TURKEY threatened military action and Iran closed its border with Iraqi Kurdistan yesterday as a controversial independence referendum went ahead in the region.
Iranian Foreign Ministry spokesman Bahram Ghasemi said: “At the request of the Iraqi government, we have closed our land and air borders” with the semi-autonomous region.
He reiterated Tehran’s stance — shared by Iraq, Syria and Turkey — that the unofficial vote was “illegal and illegitimate.”
On Sunday, Kurdistan regional government (KRG) President Masoud Barzani admitted that hold the referendum was “risky,” but insisted: “We are ready to pay any price for our independence.”
Mr Barzani’s opponents in Iraqi Kurdistan accuse him of using the poll to strengthen his own grip over the KRG.
Yesterday, Turkish Prime Minister Binali Yildirim suggested that his country’s south-eastern border with Iraq could be closed as well.
Turkey’s President Recep Tayyip Erdogan went further, claiming that opposing the Iraqi Kurdish vote was a “matter of survival” for his country. He also threatened to escalate week-long military manoeuvres on the border into an invasion. ”Our military is not there for nothing,” Mr Erdogan said. “We could arrive suddenly one night.”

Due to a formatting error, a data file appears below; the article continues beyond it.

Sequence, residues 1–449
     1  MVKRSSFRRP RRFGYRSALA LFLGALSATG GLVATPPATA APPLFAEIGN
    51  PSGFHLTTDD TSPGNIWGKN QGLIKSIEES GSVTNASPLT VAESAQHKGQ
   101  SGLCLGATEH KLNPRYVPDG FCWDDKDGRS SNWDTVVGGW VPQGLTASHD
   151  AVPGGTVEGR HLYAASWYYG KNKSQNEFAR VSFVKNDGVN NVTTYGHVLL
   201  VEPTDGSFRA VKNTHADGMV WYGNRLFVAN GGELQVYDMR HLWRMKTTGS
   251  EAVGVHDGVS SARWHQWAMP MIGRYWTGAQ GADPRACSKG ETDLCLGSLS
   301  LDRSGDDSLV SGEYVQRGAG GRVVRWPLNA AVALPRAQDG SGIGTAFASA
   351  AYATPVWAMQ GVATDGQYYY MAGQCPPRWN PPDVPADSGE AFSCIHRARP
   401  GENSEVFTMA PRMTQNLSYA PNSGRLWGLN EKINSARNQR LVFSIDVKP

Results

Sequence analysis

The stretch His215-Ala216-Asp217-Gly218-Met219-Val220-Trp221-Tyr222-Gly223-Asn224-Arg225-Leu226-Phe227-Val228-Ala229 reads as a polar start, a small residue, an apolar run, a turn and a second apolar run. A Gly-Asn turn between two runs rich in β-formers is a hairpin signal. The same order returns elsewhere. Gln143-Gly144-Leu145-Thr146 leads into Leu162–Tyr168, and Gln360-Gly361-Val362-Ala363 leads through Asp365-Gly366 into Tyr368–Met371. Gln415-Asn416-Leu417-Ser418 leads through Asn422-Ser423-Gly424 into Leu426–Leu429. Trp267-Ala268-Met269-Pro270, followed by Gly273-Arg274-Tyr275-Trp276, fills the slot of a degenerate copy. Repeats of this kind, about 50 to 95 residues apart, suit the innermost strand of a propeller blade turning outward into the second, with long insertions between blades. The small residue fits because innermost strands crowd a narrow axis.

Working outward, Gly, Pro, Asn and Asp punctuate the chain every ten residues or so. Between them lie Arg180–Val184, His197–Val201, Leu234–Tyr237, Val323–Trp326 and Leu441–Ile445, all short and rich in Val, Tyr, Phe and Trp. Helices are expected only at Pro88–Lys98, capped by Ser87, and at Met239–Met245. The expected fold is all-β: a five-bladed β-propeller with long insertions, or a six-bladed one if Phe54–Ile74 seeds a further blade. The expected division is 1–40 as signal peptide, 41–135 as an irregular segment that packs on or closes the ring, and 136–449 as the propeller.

The Turkish military said that air force jets had bombed ammunition dumps and gun emplacements of the Kurdistan Workers Party (PKK) — arch enemies of both the KRG and Turkey — in northern Iraq.
At the United Nations in New York, Syrian Foreign Minister Walid al-Moallem said on Sunday: “We reject any measure that leads to dividing Iraq.”
And the Iraqi Communist Party questioned the timing of the referendum amid the war against Isis.
While insisting changes to the country’s federal constitution “cannot be decided unilaterally by a particular party,” it warned it would be a “grave mistake” to “to resort to violence and military action” to solve the crisis.